Athens 2016 Registration Programme Exhibitor Information Virtual Exhibition Satellite Meetings
ATHENS escrs

Posters

Search Abstracts by author or title
(results will display both Free Papers & Poster)

Ocular surface and anterior segment rehabilitation after an old chemical eye burn: case report

Poster Details

First Author: J.Cardigos PORTUGAL

Co Author(s):    S. Crisostomo   R. Anjos   V. Maduro   J. Feijao   P. Candelaria   N. Alves

Abstract Details

Purpose:

Chemical injuries can produce extensive damage to the ocular surface and anterior segment, leading to permanent vision loss if they are not recognized and treated promptly. It represents up to 22% of ocular traumas and may result in damage to the ocular surface epithelium, cornea, limbal stem cells and anterior segment. The authors present a clinical case of ocular surface and anterior segment rehabilitation after an old chemical eye burn.

Setting:

Centro Hospitalar de Lisboa Central - CHLC

Methods:

A 73-year-old woman presented with decreased visual acuity of the right eye (RE) related to a two year-old chemical eye burn, which resulted in corneal and anterior segment (AS) damage. The examination showed a best corrected visual acuity of counting fingers in the RE, 9/10 in the left eye. RE slit-lamp examination revealed corneal neovascularization in the lower half, endothelium pigmentation and total cataract. A three step surgery was performed, starting with subconjunctival injection of an antiangiogenic agent combined with autologous limbal transplantation. Followed by cataract surgery, three months later. Finally, 1 year after first examination a DSAEK was realized.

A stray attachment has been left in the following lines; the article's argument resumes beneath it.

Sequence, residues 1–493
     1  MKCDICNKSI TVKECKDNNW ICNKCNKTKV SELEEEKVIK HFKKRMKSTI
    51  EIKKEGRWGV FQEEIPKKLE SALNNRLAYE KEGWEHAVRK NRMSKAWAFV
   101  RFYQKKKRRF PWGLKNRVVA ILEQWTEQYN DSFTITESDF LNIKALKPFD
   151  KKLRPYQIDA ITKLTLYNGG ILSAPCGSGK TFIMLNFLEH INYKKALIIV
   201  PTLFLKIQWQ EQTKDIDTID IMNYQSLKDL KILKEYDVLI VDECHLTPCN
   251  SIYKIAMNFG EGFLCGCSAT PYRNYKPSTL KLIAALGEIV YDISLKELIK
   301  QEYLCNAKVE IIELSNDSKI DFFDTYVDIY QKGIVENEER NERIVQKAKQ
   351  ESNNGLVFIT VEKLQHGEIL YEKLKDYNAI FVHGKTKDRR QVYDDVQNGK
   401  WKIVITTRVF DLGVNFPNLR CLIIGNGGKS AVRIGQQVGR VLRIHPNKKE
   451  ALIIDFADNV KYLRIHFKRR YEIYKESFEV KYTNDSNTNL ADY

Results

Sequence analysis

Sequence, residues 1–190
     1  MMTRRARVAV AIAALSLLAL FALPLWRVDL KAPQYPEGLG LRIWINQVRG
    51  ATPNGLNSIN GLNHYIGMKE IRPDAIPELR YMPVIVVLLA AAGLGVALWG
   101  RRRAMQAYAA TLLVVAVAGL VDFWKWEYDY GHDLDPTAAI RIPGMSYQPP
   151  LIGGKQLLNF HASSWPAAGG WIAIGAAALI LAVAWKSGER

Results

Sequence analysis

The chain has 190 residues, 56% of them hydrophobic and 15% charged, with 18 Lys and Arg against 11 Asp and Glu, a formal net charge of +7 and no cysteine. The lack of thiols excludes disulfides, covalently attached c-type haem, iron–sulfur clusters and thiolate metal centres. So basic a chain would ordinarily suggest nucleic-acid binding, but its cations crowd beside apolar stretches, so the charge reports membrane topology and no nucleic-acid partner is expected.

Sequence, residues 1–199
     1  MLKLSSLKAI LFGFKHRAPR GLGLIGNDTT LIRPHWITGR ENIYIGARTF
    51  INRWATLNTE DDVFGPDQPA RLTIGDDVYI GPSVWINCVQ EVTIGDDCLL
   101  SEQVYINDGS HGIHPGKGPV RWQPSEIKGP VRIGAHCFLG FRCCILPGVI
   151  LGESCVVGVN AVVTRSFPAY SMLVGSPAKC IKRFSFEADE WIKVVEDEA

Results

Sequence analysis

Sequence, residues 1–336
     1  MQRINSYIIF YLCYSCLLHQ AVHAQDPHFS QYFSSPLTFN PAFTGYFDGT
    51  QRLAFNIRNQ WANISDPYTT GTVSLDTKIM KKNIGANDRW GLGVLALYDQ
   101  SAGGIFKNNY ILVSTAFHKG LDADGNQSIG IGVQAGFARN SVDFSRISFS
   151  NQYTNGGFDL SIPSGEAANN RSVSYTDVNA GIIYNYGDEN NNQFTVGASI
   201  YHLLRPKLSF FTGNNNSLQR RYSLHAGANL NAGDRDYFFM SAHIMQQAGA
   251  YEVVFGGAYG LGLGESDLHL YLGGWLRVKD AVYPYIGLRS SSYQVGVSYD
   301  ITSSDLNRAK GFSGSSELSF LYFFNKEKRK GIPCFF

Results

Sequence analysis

Results:

Follow-up has been secured for 8 months with periodic slit lamp examination, IOP measurements and anterior segment photography. No postoperative complications occurred and RE best corrected visual acuity increased to 6/10 together with corneal transparency.

Conclusions:

Chemical eye injuries, specially alkali, may result in severe damage to the eye, in particular to ocular surface. The repair of severe ocular surface disease still represents a surgical and medical challenge. The goal of treatment is restoration of the normal ocular surface anatomy and restoration of corneal clarity. A corrected technique and timing may contribute to a good clinical outcome. FINANCIAL DISCLOUSRE: NONE

Back to Poster listing